Recent explanations: Richard Davis, 51, defending his bankruptcy filing in London in March, said a nasal decongestant had made him extravagant and irrational. Gregory DeLozier, 35, explaining the attempted-murder charge against him in Trenton, New Jersey, said in January that the sediment from a bottle of iced tea produced weird side effects that made him stab his wife. And in January in Rochester, New York, inmate (and former gardener) James R. Moore, 64, tried to get a 1962 murder conviction overturned, saying his exposure to an insecticide made him lose his head and commit the murder.
The Rhode Island Supreme Court publicly reprimanded lawyer John F. Pellizzari in March for having a three-month sexual relationship with a divorce client while representing her. Pellizzari blamed the relationship on the client, who he said had a "premeditated plan" to coerce him into sex.
A March Los Angeles Times story reported on the royal Siamese cat family of Thailand, believed to be direct descendants of the cats that belonged to the beloved King Rama V. The cats live in teak-paneled quarters and are served three specially prepared meals a day on gold and silver dishes.
The Washington Post reported in January that Chinese plastic surgeons have seen a rise in the number of patients seeking to westernize their faces by having their noses enlarged. Said one young woman in Beijing about to undergo surgery to make her nose twice as big, "I want to become beautiful." And Wen Biao, 26, said, "If I have a bigger nose, I think I will find a wife. I already have a good job."
Least Justifiable Homicides
A supermarket customer was shot to death in New Orleans in December, allegedly by the boyfriend of a cashier. Police believe he was responding to the cashier's call for help with a rowdy customer in the express line who had more than ten items. And a 22-year-old man in Northfield, New Hampshire, was arrested in January and charged with shooting his 26-year-old brother to death in a fight that began when the older brother objected to the younger's opening a bag of potato chips by cutting it instead of pulling it apart.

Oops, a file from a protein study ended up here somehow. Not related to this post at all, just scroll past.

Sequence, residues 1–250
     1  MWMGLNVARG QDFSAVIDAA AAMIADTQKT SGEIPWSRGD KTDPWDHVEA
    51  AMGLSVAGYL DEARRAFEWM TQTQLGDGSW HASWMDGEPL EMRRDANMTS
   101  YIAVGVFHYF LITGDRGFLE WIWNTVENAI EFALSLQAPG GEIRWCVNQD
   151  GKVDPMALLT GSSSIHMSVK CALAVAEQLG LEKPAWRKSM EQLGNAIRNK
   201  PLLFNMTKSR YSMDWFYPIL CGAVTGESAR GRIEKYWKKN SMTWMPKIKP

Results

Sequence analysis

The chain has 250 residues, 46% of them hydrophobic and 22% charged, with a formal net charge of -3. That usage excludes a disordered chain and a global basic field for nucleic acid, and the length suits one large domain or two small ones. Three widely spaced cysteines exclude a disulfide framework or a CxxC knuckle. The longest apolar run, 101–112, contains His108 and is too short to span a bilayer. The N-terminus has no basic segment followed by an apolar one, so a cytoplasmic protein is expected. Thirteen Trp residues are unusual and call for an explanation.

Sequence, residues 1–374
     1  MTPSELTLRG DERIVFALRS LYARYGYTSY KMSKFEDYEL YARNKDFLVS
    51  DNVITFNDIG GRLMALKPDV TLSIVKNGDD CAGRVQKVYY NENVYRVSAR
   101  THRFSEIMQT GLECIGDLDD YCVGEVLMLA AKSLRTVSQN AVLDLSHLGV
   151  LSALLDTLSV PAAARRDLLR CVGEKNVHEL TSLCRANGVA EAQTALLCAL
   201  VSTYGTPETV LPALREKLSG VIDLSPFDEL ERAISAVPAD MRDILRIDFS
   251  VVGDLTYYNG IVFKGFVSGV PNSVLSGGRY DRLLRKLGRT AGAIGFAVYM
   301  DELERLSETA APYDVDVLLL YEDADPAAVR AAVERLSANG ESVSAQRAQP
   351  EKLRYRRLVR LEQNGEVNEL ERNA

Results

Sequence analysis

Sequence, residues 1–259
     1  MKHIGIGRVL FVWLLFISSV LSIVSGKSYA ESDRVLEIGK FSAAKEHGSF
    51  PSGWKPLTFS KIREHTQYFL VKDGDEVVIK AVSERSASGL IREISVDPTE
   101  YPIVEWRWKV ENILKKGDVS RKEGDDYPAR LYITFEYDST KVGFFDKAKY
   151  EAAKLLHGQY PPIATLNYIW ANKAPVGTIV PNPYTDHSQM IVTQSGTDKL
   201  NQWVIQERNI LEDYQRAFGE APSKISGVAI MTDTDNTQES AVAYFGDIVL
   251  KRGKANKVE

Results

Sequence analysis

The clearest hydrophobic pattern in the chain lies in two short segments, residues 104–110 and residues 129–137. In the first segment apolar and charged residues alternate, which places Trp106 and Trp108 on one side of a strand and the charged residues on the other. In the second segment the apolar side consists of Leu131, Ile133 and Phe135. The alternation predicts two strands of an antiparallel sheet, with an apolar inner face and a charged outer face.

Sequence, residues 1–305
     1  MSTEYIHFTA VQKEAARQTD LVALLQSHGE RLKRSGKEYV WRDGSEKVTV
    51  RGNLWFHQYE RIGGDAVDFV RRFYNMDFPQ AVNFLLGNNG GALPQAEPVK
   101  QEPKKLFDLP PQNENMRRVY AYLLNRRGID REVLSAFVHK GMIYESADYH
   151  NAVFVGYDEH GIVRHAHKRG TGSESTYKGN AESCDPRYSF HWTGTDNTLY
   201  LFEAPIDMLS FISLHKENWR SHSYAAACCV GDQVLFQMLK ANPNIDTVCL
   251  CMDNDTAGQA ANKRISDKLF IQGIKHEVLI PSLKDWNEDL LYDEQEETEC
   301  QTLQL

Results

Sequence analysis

Five years ago News of the Weird reported on Max Weisberg, a bookie in Saint Paul, just after he had been released on charges of illegal gambling because the prosecutor was pessimistic about a conviction due to Weisberg's mental capacity: though Weisberg is a genius with numbers, he reportedly has an IQ of 80. A jury in 1990 had acquitted him of a similar charge, finding that he didn't seem to understand that gambling is illegal. In February police raided Weisberg's home again, seizing $127,000 in alleged gambling proceeds, running the total seized from Weisberg over the last ten years to about $600,000.
Send your weird news to Chuck Shepherd, Chicago Reader, 11 E. Illinois, Chicago 60611.
Art accompanying story in printed newspaper (not available in this archive): illustration/Shawn Belschwender.